With the sad passing of Queen Elizabeth II on Thursday, September 8th, 2022, the footballing governing bodies throughout the UK decided to cancel all fixtures. Not just Premier League, nor even the top leagues, but every league right down to grassroots and children’s football.
While we may all have differing opinions on the rights and wrongs of this decision, it seems a really poor decision to cancel kids’ football. How do you explain to a young child that you have to be sad for someone you likely never met, or ever would? Lots of them wouldn’t have any idea who she even was, in reality.
Anyway, I voiced my opinion about it in a separate #Opinionated article, so I won’t go into further detail about my thoughts here. Suffice to say, we had to forget our trip to Arbroath for their game against Raith Rovers and lose out on the advance train tickets we had purchased.
So now, while football had cancelled all fixtures, other sports were doing things correctly and going ahead with the fixtures while holding a minute’s silence as a mark of respect to Her Majesty (who was a big fan of sports, I should add).
Having looked at what was on, we decided to make the relatively short trip to watch our first ever game of Rugby Union between Newcastle Falcons and Harlequins at Kingston Park Stadium, Newcastle.
I have to confess, when it comes to rugby, be it the union or league version, I am relatively clueless. My knowledge of the game can be written on the back of a postage stamp. Mrs Hopper meanwhile, has never even seen a game of rugby on TV (she is American).
So, armed with this wealth of knowledge we set off to catch a bus to Gateshead Interchange. It would be remiss of me to not mention the wonderful drunk on our 10:39 am bus. Already off his face when we got on, he drank three more cans and smoked four cigarettes before we got to Gateshead.
What a fine specimen!
Once there, we switched to the local underground (Metro) and this train took us all the way to Kingston Park station. Despite the name, the station is still a ten-minute walk away. A combination of Google Maps and following the crowd brought us to Kingston Park, home of the Newcastle Falcons rugby union team.
Newcastle Falcons – The Stadium
As a benchmark for rugby stadiums, I have passed Murrayfield on the train, been to Twickenham to watch an Iron Maiden concert and The Principality Stadium in Cardiff to watch my team win a playoff game while Wembley was being rebuilt. Obviously, I wasn’t expecting this one to live up to those lofty international stadium standards.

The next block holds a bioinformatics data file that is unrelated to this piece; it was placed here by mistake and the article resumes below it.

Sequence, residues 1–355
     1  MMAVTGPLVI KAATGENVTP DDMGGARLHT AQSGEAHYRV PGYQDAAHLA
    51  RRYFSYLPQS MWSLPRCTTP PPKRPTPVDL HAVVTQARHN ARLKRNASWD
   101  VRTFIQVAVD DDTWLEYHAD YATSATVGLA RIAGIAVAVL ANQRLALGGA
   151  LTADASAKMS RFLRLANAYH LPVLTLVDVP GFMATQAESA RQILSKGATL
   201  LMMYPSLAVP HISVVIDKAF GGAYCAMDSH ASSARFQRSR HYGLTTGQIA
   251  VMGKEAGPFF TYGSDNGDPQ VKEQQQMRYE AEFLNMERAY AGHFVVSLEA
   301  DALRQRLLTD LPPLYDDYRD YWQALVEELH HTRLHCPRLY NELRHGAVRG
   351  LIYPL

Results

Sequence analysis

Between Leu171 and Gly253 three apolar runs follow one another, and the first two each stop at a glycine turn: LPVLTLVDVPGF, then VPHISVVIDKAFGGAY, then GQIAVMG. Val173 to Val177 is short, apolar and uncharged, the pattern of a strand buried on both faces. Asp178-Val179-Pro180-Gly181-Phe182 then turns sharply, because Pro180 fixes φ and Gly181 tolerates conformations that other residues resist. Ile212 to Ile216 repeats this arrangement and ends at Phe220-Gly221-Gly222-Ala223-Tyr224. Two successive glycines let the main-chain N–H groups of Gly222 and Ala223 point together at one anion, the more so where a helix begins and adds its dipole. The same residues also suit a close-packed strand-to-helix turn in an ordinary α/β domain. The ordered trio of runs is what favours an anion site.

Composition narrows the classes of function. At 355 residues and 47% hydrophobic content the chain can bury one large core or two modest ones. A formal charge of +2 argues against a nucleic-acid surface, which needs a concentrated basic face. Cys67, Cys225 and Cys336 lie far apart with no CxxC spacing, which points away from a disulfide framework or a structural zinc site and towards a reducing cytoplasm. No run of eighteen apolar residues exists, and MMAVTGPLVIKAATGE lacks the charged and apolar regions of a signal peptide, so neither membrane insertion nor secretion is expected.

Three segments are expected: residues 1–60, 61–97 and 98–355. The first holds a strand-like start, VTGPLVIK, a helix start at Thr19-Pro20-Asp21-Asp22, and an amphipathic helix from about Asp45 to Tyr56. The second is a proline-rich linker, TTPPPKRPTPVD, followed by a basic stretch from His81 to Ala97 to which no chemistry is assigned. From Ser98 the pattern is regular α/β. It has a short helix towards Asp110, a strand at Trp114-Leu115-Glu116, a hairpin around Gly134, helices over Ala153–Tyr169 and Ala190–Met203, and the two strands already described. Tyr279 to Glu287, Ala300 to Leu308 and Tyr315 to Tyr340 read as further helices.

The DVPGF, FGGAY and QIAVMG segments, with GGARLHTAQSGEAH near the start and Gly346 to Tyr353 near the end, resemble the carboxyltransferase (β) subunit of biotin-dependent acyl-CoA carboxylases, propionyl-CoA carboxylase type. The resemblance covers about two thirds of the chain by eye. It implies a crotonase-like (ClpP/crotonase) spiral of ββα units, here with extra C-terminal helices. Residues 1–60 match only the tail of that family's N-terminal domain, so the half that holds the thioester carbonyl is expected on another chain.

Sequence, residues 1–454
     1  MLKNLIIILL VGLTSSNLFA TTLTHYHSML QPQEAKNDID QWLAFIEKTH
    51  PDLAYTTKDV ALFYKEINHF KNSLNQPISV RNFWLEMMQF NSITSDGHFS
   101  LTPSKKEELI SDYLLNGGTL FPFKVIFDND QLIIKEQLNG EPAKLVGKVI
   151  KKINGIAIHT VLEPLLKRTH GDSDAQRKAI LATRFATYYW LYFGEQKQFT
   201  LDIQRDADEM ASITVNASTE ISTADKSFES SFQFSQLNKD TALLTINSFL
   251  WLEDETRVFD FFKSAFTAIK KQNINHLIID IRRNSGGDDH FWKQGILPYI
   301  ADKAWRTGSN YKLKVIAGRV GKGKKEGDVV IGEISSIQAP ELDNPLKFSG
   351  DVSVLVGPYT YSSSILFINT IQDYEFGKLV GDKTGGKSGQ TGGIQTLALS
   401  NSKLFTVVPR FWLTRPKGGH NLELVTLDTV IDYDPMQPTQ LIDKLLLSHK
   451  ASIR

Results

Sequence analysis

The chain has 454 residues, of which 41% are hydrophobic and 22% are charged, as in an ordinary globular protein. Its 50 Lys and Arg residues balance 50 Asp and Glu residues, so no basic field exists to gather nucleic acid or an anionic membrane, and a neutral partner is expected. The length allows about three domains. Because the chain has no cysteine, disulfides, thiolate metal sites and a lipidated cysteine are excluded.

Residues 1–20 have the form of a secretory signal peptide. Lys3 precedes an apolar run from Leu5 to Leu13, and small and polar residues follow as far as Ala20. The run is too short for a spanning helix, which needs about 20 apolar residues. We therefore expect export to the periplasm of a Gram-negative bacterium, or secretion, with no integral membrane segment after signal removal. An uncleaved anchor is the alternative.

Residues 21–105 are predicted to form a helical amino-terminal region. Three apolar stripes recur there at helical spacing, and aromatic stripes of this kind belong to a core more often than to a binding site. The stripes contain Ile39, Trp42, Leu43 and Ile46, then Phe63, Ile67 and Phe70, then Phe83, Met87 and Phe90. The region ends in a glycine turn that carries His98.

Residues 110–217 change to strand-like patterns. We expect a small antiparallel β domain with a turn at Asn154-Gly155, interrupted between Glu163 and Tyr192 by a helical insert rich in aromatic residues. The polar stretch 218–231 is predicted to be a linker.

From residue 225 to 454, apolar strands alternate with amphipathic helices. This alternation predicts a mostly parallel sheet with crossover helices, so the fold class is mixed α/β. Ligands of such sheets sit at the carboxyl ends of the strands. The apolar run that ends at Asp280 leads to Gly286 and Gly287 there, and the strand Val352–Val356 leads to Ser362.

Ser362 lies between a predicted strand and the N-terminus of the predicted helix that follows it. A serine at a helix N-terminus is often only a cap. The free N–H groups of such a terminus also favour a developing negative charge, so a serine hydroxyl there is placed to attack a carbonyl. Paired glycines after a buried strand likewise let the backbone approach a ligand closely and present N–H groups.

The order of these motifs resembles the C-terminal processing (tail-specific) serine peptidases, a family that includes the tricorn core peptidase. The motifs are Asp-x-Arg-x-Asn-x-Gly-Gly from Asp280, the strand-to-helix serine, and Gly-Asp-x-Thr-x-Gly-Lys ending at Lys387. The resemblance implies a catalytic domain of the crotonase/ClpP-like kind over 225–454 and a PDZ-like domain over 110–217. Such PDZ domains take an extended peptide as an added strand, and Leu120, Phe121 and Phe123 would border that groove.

As a comparison to football grounds, I would say this was most similar to somewhere like Exeter City or Forest Green Rovers stadiums. For the Scottish reader, think along the lines of Hamilton Academical’s ground but with a low terrace instead of trees at that end.
There is a club shop housed in the rear of the East Stand. Once we realised that there were no programmes for sale (digital only) we came out and entered the ground.
We entered the stadium via the East Terrace in the northeast corner, showing the security staff our tickets which we had purchased online the night before. The first thing we noticed to our left, was an old London double-decker bus which had been converted into an open-top bar. Different! Further along was the East Stand, which covers about one-third of the pitches length and houses the player’s and officials’ dressing rooms. Beyond that, was another small standing area with no terrace.
To our right was the North Terrace, a low bank of open terracing behind the posts. Running along the length of the pitch on the opposite side, was the all-seated West Stand. This was the most impressive-looking part of the stadium and was where more club merchandise was available to buy in the concourse, along with multiple bars and food outlets. Finally, opposite the North Terrace was another terrace at the southern end of the stadium but this one was covered and had the same design as the West Stand.
Newcastle Falcons – Stadium Gallery
Newcastle Falcons – Pre-Game Videos of Kingston Park
We decided to get a beer and some food before the game started because we hadn’t had anything to eat so far on the day. It’s comforting to know that it isn’t just football fans who get ripped off at sporting events! Two pints cost an eye-watering £13.50 and two cheeseburgers with a few fries each cost a further £19.00!
Needless to say, I told Mrs hopper to sip her drink slowly…
We then came to the moment that football had dreaded… the minute’s silence and national anthem.
I’m not sure if it would have worked the same way at certain football grounds as it did at West Ham the other night, but certainly here, today, the silence was impeccably observed and God Save the King was sung by most of the crowd present.